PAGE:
Making Your Pets’ Move to a New Home as Stress-Free as Possible
One thing we can agree on. Moving can be one of the most stressful events for families. It is apparent from the moment we begin organizing, purging, and packing that our beloved family pets are sensing that “something is going on.”
My own pet would lie down near where I was working and simply stare at me, as if to say, “I don’t know what’s going on, but whatever it is, don’t forget about me!”
If you are moving with a pet, be sure to follow these guidelines to ensure that your fur-babies (whether dogs or cats), birds and other pets experience a (mostly) stress-free and safe move to your new home.
Prepare a Pet Box but keep it handy.
Don’t pack everything for your pet while preparing for your move. Keep your pets’ favorite things handy. It is comforting for pets to have their familiar beds, crates, toys, blankets, food bowls and pillows around and in use.
Keep important medical information on-hand, including your pets’ shot record and contact info for your veterinarian.
Stick to the schedule.
Try as much as possible to maintain daily regimens including feeding times, their usual food, and walks. Be sure to keep a list of when your pets are due for a well-visit to the veterinarian and when they are scheduled for heartworm meds or flea and tick treatments. It is also a good idea to do some research before your move to see what veterinarians are located nearby your new home and call for information on their practices. Having a new vet “in the wings” will be priceless if you need an urgent appointment once you have moved in. Sticking to a familiar schedule once you are in your new home is a great way to make your pets feel at home.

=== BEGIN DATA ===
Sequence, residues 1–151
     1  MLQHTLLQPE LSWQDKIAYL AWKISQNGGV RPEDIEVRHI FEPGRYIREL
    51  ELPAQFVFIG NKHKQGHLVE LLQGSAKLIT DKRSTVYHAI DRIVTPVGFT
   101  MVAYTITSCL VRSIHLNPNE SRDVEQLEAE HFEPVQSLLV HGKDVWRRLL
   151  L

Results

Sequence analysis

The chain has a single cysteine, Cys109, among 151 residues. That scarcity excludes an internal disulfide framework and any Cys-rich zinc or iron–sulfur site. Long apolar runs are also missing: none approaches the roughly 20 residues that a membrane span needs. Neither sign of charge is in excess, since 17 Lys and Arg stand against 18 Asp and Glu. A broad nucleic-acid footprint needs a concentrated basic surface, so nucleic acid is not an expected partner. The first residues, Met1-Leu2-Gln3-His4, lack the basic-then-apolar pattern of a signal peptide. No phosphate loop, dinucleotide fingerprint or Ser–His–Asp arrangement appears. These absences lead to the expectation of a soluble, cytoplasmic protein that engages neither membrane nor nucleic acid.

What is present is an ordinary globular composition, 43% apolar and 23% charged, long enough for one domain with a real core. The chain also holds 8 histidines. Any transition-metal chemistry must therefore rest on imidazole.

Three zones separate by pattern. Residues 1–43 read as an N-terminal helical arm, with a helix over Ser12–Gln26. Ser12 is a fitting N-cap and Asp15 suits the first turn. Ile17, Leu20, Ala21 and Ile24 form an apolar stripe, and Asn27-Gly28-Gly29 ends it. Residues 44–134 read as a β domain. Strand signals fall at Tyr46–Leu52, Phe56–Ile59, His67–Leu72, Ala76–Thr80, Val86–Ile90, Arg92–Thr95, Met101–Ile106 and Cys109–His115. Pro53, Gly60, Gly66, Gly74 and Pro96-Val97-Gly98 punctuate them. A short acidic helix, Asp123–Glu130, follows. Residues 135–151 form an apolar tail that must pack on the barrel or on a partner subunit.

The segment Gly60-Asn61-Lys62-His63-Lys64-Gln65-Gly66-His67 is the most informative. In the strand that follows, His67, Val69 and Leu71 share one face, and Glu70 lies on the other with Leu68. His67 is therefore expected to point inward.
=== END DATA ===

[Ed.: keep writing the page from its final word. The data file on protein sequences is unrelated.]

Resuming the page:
Keep things calm the day of the move.
If your pets are easily excitable, it may be best to have a pet sitter the day of the move. Having a familiar face to comfort and care for your pets on that most hectic day will help to ensure that your stress level is kept down as well. If your dog or cat is home with you, be aware that doors will be left open, making it easy for pets to wander and/or get in the way of the moving crew. Also, the home temperature will be difficult to maintain with open doors, so the comfort level may not be optimal for pets. Don’t forget to keep plenty of water available as well.
Is medication in order?
If you have a high-strung pet and if a long car ride or flight on an airplane is part of the move, you may need to see your vet about a mild sedative for your pet.
Consider microchipping your pet.
Before the move you may want to talk to your veterinarian about having your dog or cat microchipped. A new location may be confusing and if your pet wanders off and gets lost, a microchip increases the chance of a reunion with the family. It is painless for the pet to have a microchip inserted, takes just minutes, and is invaluable peace-of-mind for you.
Your veterinarian may have additional tips for you in dealing with pets and a move. Be sure to take the time and effort to do everything you can to make this transition an easier one for all.